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How does the Phrase " VANDE MATHARAM " emerged in Pre Independence India ?

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  • How does the Phrase " VANDE MATHARAM " emerged in Pre Independence India ?

    How does the Phrase " VANDE MATHRAM " emerged in Pre Independence India ?

    “Vande mataram” is the most iconic and promising slogan of all times. Traces of its existence found during the Sannyasi-Fakir Rebellion of 1767-1800, many years before the first war of independence-1857. It was the chief slogan used by the patriots throughout the Indian freedom struggle, to unite Indian masses and to fill their hearts with a sense of honor for India. Lyrics were originally written in Sanskrit and Bengali by Bamkim chandra chattopadhyay in 1876 and later became part of his novel Anandamath in 1882 . First two verses of the lyrics is the National Song of Indian Republic

    वन्दे मातरम्।
    सुजलाम् सुफलाम्
    मलयज शीतलाम्
    वन्दे मातरम्।

    vande mātaram
    sujalāṃ suphalāṃ
    śasya śyāmalāṃ

    vande mātaram

    Vande- mātaram – I revere the mother. The mother revered here is not a human being or goddess. It is our mother land, mother India. Since a mother is the dearest to a child, the poet chooses to feminize the land on which he has born and lives. He describes the attributes of the mother he worships, as she is the one with the purest and sweet water (sujalāṃ). She is the one who has pure and healthy food and fruits (suphalāṃ). Malayagiri hills situated in Orissa India are famous for their sandalwood forests. Poet claims that the motherland he worships has the cold and refreshing breeze having sandalwood aroma in it (malayaja-śītalām) just as the breeze of Malayagiri. He later describes the soil of his mother-land which is very productive and prosperous (śasya) and light-brown (śyāmalāṃ) in colour.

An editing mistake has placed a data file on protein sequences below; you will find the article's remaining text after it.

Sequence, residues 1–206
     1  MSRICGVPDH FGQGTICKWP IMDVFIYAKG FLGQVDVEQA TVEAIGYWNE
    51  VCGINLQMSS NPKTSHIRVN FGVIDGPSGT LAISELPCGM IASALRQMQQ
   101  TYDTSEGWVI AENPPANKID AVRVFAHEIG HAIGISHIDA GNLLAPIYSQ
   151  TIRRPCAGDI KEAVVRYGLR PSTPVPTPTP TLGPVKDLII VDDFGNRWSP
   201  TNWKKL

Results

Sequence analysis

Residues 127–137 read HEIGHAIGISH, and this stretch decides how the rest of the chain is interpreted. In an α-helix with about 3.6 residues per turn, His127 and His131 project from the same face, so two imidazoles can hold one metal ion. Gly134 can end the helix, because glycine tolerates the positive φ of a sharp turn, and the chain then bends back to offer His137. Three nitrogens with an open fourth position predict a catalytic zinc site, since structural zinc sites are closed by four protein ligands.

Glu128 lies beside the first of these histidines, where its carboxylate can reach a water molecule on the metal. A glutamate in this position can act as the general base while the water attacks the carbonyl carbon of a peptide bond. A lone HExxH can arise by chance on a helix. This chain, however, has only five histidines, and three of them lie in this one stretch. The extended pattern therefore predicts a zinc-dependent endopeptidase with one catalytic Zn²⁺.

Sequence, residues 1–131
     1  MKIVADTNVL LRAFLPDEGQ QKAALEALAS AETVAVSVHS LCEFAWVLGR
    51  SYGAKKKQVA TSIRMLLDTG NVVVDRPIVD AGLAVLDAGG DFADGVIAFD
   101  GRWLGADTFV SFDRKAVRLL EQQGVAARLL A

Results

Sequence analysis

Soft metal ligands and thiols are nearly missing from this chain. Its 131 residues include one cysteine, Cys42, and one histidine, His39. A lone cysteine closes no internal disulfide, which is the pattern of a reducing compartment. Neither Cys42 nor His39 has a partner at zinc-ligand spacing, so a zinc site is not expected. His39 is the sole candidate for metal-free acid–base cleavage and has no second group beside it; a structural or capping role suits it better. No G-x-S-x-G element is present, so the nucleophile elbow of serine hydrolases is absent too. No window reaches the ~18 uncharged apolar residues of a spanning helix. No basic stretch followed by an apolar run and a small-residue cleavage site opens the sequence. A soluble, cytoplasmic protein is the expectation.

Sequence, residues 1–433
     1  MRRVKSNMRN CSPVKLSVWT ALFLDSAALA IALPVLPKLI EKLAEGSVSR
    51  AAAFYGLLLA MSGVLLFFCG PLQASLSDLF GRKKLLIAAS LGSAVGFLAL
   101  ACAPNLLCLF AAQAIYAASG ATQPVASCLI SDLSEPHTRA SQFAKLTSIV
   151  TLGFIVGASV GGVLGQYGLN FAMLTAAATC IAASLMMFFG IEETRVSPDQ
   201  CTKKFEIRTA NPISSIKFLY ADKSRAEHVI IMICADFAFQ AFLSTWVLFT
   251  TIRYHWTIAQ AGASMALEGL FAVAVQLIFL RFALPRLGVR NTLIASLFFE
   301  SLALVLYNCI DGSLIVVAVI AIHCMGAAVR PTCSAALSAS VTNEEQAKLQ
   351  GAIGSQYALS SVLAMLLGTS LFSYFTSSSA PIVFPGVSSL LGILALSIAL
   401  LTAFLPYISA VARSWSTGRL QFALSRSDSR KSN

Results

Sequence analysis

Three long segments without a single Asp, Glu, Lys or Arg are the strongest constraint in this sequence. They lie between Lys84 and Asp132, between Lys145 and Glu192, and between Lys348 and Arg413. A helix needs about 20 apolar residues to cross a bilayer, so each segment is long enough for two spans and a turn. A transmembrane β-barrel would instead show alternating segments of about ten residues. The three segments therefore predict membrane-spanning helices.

Mother-land featured so, I admire you, worship you (mātaram vande mātaram).

    सुमधुर भाषिणीम्
    सुखदाम् वरदाम्
    वन्दे मातरम्

    śubhra jyotsnā
    pulakita yāminīm
    phulla kusumita
    sumadhura bhāṣiṇīm
    sukhadāṃ varadāṃ
    vande mātaram

    Poet again praises mother India by describing her features. He says that on his motherland, every morning comes to the people with a bunch of hope and happiness (śubhra jyotsnā). It has blessed mornings. It has the nights which gives pleasure and satisfaction to the people, after the whole day hard work. Nights are filled with the sense of gratification (pulakita yāminīm). The land here is fascinating and always looks beautiful with greenery and bundle of flowers (phulla kusumita drumadala śobhinīm). There is no match in the world for the sweetness of different languages chanted by its people (suhāsinīṃ sumadhura bhāṣiṇīm). The languages spoken by its people are pleasing and delightful. He exclaims that his mother-land provides the pursuits of happiness (sukhadāṃ) and is the source of power and divine favour (varadāṃ).

    Mother-land featured so, I admire you, worship you (mātaram vande mātaram).

    Jai Hind!

    Source: web Search

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